Westpac Bank – shall one of the four pillars fall?

Then we’d own those banks of marble
With a guard at every door
And we’d share those vaults of silver
That workers sweated for

– ‘The Banks are Made of Marble’ composed by Les Rice, apple farmer.

Accountants across Australia looked cautiously when the Banking Royal Commission decided to investigate AMP. They knew already how AMP was ripping-off its customers. Sure enough, Royal commissioner Kenneth Hayne unveiled AMP’s fees-for-no-service fraud, which he labelled ‘dishonest and inexcusable‘.

Then came revelations about the Commonwealth Bank, privatised by Labor Treasurer, Paul Keating, in the late 1980s. The bank was fined $$$millions.

When the regulator accused Westpac of lending money to people who could not afford it, Westpac’s barrister Jeremy Kirk SC mockingly accused the regulator, ASIC, of living in the 19th century:

“Mr Dickens, what’s your income and what are your expenses?”

And now the biggest fraudster of all turns out to be the Westpac Bank (formerly the Bank of New South Wales, Australia’s first bank) – exposed as refusing to report 23 million transactions. The regulator has accused Westpac of breaching of anti-money laundering laws involving $11bn in transactions.

In West End Brisbane, unconscionable transactions by the local branch of Westpac have been known for some time. Six hundred Westenders petitioned their local Labor member, Anna Bligh, asking that the Public Trustee bring the bank to account for its “unconscionable behaviour in its dealings with an elderly man who had lost his wife, suffered a life threatening heart attack and who was not apprised of the risks of the loan transaction that enabled the bank to sell AHIMSA house.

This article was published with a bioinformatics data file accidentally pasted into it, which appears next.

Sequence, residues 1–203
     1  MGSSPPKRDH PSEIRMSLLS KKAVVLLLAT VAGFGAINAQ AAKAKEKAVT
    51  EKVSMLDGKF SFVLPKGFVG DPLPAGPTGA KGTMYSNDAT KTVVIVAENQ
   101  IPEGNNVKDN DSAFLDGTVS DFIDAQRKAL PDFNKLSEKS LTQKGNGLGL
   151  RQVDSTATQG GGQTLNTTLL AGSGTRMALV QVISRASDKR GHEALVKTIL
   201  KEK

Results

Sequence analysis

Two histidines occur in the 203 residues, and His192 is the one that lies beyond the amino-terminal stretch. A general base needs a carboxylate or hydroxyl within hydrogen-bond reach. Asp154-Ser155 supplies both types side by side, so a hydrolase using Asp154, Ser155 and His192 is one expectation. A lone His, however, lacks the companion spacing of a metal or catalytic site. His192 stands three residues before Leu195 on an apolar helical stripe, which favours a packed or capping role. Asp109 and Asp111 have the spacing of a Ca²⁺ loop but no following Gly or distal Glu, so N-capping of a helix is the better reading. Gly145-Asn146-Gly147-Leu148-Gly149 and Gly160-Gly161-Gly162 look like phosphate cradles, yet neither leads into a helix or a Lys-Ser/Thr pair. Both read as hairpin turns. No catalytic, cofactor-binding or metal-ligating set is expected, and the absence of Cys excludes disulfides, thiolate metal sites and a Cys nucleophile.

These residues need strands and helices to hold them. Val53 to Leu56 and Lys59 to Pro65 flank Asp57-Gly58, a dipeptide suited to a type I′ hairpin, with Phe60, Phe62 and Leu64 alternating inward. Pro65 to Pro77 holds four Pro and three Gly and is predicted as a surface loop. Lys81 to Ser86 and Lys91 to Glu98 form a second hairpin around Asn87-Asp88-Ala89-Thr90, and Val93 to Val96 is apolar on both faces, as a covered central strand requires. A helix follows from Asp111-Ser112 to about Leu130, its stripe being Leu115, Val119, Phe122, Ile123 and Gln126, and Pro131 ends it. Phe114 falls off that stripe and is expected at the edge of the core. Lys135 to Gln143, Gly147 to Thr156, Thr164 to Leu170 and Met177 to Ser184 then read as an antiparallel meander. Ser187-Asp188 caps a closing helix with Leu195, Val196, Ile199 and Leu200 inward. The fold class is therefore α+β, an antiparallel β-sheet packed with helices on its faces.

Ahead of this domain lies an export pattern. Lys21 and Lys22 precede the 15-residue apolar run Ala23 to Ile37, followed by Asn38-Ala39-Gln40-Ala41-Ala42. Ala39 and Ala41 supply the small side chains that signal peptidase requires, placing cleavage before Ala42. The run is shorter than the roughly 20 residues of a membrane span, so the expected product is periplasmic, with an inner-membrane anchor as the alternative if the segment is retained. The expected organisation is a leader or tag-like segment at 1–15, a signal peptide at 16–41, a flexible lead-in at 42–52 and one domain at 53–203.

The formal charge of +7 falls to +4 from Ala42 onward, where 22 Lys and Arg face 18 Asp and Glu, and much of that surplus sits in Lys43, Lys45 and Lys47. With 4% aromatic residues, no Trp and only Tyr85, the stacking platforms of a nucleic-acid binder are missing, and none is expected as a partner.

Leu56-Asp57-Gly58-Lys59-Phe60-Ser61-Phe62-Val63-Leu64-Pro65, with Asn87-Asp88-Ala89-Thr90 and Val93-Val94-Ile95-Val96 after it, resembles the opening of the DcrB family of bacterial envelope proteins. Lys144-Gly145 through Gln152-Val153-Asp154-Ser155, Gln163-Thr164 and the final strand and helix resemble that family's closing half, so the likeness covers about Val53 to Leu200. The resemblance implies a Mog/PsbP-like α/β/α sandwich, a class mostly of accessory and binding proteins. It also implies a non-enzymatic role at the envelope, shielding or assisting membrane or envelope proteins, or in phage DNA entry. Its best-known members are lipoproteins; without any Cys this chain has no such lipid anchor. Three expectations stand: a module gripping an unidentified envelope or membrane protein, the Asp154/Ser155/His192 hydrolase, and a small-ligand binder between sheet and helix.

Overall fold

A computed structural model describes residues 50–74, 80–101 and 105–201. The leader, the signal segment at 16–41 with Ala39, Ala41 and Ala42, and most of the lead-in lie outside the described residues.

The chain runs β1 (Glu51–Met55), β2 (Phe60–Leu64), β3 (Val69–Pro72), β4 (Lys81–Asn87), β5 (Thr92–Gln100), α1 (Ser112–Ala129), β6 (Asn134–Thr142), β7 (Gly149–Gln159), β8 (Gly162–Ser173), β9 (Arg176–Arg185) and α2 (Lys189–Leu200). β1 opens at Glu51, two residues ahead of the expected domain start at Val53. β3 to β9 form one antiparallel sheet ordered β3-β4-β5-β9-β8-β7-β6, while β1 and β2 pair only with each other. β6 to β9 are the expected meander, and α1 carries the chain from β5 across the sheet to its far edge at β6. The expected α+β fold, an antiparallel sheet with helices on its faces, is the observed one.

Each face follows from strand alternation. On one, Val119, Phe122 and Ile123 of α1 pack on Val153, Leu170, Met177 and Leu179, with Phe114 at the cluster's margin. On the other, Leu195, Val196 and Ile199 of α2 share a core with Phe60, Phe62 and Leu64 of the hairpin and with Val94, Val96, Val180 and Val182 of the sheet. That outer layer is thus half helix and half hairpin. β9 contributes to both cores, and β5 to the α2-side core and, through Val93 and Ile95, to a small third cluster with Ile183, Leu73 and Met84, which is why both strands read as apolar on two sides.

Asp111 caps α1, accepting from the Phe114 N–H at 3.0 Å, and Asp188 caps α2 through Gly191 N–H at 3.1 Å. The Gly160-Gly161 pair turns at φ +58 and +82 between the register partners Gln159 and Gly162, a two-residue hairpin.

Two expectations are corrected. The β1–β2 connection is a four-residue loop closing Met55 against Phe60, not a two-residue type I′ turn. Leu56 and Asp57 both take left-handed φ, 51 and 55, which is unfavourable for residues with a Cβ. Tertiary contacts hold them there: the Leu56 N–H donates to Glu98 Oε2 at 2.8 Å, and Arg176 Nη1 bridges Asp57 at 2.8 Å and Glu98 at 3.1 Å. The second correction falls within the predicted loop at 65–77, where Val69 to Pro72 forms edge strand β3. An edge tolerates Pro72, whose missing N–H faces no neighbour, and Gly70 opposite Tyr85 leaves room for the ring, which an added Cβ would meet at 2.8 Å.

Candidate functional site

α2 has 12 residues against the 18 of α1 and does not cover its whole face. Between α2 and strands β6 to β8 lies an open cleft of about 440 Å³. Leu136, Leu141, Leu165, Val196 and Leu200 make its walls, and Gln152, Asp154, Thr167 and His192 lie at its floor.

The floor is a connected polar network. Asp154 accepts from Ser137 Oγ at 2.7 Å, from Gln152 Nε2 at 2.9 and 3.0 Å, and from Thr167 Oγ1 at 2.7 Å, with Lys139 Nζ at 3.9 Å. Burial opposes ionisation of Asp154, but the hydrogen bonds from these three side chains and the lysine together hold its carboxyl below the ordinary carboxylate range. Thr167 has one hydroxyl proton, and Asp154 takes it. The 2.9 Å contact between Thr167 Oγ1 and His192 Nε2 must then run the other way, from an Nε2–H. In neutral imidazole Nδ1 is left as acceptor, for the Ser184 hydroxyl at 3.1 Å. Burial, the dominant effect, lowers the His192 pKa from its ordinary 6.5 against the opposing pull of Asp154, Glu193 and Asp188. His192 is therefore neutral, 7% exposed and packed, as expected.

Ms Bligh was advised by Taylor’s enduring power of attorney that, in May 2007, Challenger Commercial Lending Limited (“Challenger”) extended a $1.295 million loan to Mr Taylor when he was unable to repay interest on a loan nearly half the size ($720K). This was an unconscionable transaction. By January 2009, Mr Taylor was in default of the Challenger loan. Mr Taylor was talked into the transaction by ‘financial advisors’ Barry Sims, Brian Laver and Will Marcus.